Desmond Richardson defies human limitations with his dynamic power and captivates audiences with his artistic expression. Richardson's extraordinary natural talent was first recognized when, as a student at the Fiorella H. LaGuardia High School of Music and Art and Performing Arts, he received a merit scholarship from the Alvin Ailey American Dance Center. In 1987, he began his professional career with the Ailey Company, where he was a principal for seven years. Richardson went on to perform with companies like American Ballet Theatre, San Francisco Ballet and Ballet Frankfurt in Germany. And he's more than a ballet phenomenon: He showed his triple-threat skills in the movie musicals Chicago and Across the Universe, and earned a Tony Award nomination for Best Featured Actor for his work in the Broadway hit Fosse. As if that weren't enough, in 1994 he co-founded Complexions Contemporary Ballet. Today, he continues to perform with Complexions and serves as the company's co-artistic director. —Ashley Rivers
Hey you! Yes you, the young perfectionist! You need to stop sweating the small stuff. Stay positive, because negativity is distracting; ultimately, it will knock you off course. Quit worrying that you're not at the same level as the others and start living in the moment.
Study the basics well, because you will need them if you want to truly speak through movement. Continue to dream of one day gracing the great stages of the world. Follow your passion—you'll find that it will fuel you.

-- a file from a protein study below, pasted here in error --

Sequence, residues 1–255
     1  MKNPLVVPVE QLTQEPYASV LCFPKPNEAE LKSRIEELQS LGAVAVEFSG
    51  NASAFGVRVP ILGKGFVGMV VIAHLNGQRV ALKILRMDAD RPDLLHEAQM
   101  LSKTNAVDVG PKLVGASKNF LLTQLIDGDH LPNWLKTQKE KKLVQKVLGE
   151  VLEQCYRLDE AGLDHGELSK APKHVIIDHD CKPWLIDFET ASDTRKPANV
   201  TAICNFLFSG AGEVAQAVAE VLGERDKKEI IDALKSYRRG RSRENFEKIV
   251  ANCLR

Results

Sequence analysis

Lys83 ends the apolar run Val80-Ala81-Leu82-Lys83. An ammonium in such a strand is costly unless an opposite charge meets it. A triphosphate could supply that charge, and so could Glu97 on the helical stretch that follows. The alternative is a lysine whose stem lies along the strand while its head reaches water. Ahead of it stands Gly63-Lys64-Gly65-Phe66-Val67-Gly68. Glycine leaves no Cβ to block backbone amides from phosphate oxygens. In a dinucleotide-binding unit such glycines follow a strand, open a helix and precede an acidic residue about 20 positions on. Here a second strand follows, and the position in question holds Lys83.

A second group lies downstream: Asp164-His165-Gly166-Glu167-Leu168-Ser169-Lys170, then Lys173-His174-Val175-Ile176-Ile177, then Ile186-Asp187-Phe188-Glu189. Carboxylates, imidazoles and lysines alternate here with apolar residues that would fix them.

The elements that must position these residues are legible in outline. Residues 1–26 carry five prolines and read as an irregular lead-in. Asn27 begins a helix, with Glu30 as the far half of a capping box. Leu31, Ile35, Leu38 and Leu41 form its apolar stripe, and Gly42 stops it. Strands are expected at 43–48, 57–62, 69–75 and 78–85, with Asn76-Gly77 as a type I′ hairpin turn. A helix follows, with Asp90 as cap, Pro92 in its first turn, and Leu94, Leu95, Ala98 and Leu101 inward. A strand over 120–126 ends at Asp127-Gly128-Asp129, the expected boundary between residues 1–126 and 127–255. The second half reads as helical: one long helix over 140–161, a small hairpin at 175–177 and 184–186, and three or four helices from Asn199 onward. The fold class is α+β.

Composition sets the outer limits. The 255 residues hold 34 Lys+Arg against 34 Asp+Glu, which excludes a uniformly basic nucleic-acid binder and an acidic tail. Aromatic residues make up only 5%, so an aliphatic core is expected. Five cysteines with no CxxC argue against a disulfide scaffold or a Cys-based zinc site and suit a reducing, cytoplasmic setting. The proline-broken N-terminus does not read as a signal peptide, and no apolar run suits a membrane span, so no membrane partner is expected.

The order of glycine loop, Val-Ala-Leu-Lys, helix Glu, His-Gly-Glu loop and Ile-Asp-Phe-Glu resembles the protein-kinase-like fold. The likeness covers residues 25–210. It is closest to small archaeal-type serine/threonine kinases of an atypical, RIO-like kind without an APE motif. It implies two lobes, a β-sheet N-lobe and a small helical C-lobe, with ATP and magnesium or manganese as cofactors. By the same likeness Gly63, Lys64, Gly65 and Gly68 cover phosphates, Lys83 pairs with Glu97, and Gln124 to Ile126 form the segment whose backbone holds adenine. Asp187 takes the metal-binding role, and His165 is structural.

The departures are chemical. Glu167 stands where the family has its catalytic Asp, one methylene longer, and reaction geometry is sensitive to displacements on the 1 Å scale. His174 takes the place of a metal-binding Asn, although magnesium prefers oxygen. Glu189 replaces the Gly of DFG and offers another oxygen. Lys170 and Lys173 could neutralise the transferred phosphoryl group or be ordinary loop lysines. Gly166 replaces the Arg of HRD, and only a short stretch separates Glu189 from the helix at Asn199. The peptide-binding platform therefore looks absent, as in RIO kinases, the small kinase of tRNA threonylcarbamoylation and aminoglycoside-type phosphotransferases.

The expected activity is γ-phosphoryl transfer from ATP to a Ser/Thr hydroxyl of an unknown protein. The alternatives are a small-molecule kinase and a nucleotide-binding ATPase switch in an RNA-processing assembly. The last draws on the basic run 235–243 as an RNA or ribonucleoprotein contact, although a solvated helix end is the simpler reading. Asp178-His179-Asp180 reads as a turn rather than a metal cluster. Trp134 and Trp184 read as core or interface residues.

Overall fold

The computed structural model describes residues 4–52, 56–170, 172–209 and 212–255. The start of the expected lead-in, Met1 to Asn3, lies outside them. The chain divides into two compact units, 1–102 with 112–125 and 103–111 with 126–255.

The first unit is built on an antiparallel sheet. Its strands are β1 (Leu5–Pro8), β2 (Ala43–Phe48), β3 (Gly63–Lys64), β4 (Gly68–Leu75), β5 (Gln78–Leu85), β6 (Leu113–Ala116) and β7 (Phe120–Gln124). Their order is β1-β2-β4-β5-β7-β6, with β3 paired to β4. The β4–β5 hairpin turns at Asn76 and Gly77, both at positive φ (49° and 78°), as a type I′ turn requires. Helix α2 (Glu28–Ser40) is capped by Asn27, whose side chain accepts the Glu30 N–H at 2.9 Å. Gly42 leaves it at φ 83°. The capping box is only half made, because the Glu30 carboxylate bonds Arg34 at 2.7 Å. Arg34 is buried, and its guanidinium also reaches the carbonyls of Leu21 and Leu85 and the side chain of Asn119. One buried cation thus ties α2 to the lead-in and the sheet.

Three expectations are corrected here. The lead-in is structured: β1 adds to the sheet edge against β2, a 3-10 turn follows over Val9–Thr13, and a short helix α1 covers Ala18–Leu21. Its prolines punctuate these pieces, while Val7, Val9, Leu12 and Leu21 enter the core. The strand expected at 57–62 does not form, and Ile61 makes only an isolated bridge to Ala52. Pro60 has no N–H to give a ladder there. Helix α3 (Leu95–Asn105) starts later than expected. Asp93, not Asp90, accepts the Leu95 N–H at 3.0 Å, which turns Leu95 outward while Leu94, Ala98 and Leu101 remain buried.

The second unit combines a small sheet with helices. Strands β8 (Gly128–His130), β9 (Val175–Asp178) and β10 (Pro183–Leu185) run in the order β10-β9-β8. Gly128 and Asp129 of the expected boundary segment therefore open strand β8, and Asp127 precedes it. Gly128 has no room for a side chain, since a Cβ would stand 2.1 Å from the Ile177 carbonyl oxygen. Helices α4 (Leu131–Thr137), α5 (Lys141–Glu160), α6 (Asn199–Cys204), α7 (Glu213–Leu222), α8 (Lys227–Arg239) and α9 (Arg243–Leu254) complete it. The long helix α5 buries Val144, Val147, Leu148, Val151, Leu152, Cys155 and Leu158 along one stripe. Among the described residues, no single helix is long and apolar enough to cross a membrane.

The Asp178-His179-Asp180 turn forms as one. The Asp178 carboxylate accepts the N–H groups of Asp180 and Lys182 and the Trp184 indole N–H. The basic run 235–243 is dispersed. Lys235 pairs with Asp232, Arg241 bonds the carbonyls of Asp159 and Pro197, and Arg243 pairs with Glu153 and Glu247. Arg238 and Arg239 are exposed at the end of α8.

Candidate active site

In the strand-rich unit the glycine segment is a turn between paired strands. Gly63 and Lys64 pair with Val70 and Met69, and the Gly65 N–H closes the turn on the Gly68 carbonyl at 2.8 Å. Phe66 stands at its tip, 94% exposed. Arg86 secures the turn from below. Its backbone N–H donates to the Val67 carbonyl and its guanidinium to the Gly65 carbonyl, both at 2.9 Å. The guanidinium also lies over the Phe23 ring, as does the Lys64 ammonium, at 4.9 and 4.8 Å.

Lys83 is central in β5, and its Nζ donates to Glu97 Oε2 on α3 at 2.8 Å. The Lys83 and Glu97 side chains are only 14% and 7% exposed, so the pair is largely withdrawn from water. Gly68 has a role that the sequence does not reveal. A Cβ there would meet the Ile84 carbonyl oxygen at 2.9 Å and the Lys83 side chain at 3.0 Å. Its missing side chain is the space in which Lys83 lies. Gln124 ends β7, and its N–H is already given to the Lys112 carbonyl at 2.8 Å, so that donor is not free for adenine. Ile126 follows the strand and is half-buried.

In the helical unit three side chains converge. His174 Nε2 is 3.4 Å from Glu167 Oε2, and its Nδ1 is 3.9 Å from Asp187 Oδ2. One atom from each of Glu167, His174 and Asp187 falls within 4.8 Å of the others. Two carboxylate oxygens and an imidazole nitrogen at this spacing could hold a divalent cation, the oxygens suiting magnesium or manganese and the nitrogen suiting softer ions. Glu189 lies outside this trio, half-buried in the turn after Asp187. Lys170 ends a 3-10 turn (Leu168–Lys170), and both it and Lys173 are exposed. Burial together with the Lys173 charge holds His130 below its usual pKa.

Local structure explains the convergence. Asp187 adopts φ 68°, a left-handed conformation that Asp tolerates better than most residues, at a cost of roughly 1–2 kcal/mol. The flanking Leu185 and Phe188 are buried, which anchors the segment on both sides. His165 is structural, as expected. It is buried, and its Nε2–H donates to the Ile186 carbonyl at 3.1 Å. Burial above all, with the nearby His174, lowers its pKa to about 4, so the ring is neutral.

You don't know it yet, but your hard work, your commitment to excellence and your
respect for your art will allow you to soar. So let go and open up to the infinite possibilities the universe has in store for you!
Your Big Self
Top photo by JP Sevillano; bottom photo of Richardson (center front) with teacher Maria Youskevitch (center back) and fellow Ailey School students in a 1980s brochure courtesy The Ailey School Archives
Well, this brings class videos to a whole new level! Choreographer Phil Wright and dancer Ashley Liai have been together eight-plus years, but she was still in total shock when he proposed to her mid-dance at Millennium Dance Complex earlier this week. Why? Well, the whole thing was unbelievably perfect.
In the dance industry, dancers don't always have a say in what they wear on their bodies. This can get tricky if you're asked to wear something that compromises your own personal values. So what should you do if you find yourself in this sticky situation? We sat down for a Q&A with "Dancing with the Stars" alumn Ashly Costa to answer that very question. Here's what she had to say about the options dancers have surrounding questionable costumes.
The groundwork for Erin Carpenter's company, Nude Barre, began when she was a teenager. At 16, she earned a spot in the residency program at The Kennedy Center in partnership with Dance Theatre of Harlem. "We were required to wear nude—as in, our actual skin tone—tights and shoes," she remembers. Carpenter brought her "sun tan" tights and a pair of pink ballet shoes with her, because that was all she could find. But she wasn't allowed in class because her dancewear didn't match her skin. "I was so embarrassed," she says. "I looked unprepared. I just didn't have the right nudes." Her teacher explained that the dancers dyed their tights and pancaked their shoes.
There are dancers and then there are DANCERS! Whitney Jensen, soloist at Norwegian National Ballet, is the latter. The former Boston Ballet principal can do it all. From contemporary to the classics this prima has the technical talent most bunheads dream about. Need proof? Look no further.
Luis Fonsi and Daddy Yankee's dance inducing hit, "Despacito," is so catchy it should probably come with a disclaimer that warns people of an uncontrollable itch to tap your feet or bob your head. Some might even feel inclined to go all out and break it down. Niana Guerrero is a prime example of "Despacito's" uncanny ability to unleash the red dressed emoji dancer within. 💃🏽 💃🏽